• Outside of the Pound, there is a fine walk to some Aboriginal rock art at Arkaroo, all within a stunning semi-arid landscape.
  • Rawnsley Park Station just south of the National Park is another accommodation option, and provides a few additional facilities including a good, authentic restaurant, The Woolshed (lamb is the go!). There are also various tours that can be arranged from here, such as dawn hot air ballooning, 4WD trips etc. For those on a budget, a fairly strenuous walk from here climbs to Rawnsley Bluff, overlooking Wilpena Pound.

Links

Ikara-Flinders Ranges National Park:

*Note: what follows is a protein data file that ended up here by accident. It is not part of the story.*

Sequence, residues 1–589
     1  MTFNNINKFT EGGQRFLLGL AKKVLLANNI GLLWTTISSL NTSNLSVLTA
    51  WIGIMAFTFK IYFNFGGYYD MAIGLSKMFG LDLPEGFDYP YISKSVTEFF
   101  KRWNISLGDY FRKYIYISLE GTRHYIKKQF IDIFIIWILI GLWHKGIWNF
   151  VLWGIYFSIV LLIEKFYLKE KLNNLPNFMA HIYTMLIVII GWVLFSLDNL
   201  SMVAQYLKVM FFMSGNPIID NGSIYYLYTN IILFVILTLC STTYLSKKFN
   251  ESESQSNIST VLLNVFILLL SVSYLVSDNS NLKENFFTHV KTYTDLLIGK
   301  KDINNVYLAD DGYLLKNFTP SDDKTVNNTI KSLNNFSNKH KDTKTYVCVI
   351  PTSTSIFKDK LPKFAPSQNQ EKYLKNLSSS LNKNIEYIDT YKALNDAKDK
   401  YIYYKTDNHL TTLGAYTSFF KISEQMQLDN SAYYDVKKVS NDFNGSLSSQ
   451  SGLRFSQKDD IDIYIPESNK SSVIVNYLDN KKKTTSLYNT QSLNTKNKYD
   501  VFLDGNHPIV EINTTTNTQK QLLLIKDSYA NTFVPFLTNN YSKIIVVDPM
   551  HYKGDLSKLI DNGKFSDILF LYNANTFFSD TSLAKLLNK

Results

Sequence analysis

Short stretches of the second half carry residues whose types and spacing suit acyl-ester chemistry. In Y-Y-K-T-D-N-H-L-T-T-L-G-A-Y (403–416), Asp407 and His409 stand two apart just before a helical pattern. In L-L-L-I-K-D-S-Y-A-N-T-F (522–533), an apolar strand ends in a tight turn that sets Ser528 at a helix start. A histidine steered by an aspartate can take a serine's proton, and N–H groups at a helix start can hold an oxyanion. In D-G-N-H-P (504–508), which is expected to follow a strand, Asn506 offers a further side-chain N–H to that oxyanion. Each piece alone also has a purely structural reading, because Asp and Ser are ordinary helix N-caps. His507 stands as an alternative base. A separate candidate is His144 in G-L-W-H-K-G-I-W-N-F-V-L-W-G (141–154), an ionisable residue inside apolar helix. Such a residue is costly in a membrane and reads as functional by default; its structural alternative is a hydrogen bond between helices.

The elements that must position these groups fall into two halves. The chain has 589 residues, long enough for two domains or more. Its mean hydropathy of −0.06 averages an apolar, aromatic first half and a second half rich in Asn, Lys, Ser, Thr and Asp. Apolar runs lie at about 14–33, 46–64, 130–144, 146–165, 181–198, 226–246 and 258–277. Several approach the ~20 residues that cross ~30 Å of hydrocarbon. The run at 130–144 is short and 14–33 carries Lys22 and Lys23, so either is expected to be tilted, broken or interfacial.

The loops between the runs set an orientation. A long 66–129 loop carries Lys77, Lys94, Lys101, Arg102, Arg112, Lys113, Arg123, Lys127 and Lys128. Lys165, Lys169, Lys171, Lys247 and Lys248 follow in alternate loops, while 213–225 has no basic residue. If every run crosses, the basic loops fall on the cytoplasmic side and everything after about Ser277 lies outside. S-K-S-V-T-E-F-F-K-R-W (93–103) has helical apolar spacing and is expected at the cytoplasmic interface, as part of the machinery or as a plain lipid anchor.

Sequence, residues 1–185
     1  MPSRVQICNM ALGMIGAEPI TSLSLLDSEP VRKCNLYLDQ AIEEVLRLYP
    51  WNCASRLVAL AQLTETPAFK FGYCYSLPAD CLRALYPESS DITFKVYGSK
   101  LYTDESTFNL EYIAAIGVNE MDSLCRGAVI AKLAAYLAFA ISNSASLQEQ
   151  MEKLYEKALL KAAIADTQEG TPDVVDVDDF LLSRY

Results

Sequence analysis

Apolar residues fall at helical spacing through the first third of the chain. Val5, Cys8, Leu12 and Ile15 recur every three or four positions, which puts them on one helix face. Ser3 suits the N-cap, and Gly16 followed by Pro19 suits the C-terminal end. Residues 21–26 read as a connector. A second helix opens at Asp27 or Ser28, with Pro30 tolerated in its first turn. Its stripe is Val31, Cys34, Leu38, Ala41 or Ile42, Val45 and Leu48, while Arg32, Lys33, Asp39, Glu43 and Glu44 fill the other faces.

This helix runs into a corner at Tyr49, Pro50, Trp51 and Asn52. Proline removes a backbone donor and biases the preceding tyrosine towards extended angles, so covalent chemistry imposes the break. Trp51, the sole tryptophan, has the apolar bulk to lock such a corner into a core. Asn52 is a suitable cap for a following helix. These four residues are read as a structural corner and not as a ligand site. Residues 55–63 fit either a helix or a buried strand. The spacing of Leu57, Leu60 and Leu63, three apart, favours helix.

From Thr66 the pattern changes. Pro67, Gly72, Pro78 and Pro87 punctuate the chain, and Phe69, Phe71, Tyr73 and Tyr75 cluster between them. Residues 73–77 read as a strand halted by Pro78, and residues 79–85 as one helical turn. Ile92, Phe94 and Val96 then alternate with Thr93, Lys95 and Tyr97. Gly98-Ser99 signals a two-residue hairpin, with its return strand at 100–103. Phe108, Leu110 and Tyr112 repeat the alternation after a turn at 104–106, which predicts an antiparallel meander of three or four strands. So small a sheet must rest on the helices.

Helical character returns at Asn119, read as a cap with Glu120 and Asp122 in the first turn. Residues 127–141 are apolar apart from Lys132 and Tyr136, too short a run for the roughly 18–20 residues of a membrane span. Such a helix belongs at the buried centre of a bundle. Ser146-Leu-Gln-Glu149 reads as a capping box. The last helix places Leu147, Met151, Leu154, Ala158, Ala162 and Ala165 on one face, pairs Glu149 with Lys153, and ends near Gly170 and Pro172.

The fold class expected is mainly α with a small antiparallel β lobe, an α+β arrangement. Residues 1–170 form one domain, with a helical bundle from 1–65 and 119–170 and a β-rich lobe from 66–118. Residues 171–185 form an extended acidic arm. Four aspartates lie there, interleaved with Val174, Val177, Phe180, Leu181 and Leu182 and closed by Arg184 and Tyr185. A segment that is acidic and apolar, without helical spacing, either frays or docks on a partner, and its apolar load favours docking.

https://www.parks.sa.gov.au/find-a-park/Browse_by_region/flinders-ranges-outback/ikara-flinders-ranges-national-park#about

Haywards Hut and Aroona walks brochure (includes map):

https://www.parks.sa.gov.au/files/sharedassets/parks/parks/flinders-ranges-outback/ikara-flinders-ranges-national-park/psa-gen-flindersranges-haywardshut.pdf

Flinders Ranges National Park map:

https://www.parks.sa.gov.au/files/sharedassets/parks/parks/flinders-ranges-outback/ikara-flinders-ranges-national-park/ikara-flinders-ranges-national-park-map.pdf

Some Aroona Valley information: http://www.ausinpix.com/NP-A-H/aroona_valley.htm

Rawnsley Park Station: https://www.rawnsleypark.com.au/

Wilpena Pound Resort: https://www.wilpenapound.com.au/